On comparing norms in a linear space

1. Jan 28, 2010

Somefantastik

a norm $$||\cdot||_{1}$$ is said to be stronger than $$||\cdot||_{2}$$ if there exists some constant k such that

$$||\cdot||_{1} \geq k||\cdot||_{2}$$

Can someone explain the deeper meaning of this? I know that in general, a norm with smaller value will produce a larger unit ball. Is that the extent of the meaning?

2. Jan 29, 2010

JSuarez

The point is in the topologies they generate: suppose you have an open set $$O$$, relative to $$||\cdot||_{1}$$; this means that, for any $$a \in O$$, there is an $$r > 0$$, such that the ball:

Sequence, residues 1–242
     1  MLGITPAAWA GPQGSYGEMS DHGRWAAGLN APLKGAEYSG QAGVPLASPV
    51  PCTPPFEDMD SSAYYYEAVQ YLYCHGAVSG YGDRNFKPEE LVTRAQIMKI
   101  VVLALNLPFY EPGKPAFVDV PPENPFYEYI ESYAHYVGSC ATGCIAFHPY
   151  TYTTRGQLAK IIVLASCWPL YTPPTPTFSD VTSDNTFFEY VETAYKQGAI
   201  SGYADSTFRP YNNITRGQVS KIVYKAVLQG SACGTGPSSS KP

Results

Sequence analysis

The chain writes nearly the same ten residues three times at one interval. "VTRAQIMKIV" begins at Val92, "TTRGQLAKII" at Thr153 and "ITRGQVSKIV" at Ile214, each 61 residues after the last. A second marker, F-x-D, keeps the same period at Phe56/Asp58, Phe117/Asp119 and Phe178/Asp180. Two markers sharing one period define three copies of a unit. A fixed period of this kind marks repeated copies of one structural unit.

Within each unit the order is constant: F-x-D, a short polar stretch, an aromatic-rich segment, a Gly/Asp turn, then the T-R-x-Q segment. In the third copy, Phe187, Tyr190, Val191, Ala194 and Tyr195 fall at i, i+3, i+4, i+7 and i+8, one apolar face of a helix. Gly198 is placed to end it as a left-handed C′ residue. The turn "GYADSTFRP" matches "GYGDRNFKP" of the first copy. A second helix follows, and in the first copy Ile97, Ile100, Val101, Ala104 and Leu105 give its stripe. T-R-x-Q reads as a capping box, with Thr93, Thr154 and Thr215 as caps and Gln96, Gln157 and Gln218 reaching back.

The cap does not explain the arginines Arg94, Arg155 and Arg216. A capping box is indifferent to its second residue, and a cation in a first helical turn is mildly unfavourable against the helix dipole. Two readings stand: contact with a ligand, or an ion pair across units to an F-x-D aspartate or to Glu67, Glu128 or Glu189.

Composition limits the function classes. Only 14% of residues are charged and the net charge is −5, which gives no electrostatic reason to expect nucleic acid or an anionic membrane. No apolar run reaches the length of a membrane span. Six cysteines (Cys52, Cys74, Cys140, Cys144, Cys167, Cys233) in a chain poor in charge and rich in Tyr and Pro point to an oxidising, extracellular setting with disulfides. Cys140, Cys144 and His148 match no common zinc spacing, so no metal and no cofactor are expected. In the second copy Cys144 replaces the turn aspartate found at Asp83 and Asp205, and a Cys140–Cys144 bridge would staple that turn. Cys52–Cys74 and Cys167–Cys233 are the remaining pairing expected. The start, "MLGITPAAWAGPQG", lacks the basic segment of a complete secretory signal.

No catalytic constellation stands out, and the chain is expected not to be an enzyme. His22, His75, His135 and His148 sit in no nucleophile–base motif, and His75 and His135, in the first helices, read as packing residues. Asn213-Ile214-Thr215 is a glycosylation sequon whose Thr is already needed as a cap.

$$B\left(a,r\right)=\left\{x:[tex]||x-a||_{1}<r\right\}\subseteq O$$
Now, notice that, because of the inequality $$||\cdot||_{1} \geq k||\cdot||_{2}$$, the set $$O$$ must remain open if you switch to $$||\cdot||_{1} \geq k||\cdot||_{2}$$. Therefore, the topology generated by $$||\cdot||_{1}$$ is stronger (has at least as many open sets) as the one generated by $$||\cdot||_{2}$$.

The real interesting fact is when you have equivalent norms, that is, when:
$$k_2||\cdot||_{2} \geq ||\cdot||_{1} \geq k_1||\cdot||_{2}$$

This implies that the topologies they generate are equal, and it's a nontrivial fact that, in finite-dimensional spaces, all norms are equivalent.

Share this great discussion with others via Reddit, Google+, Twitter, or Facebook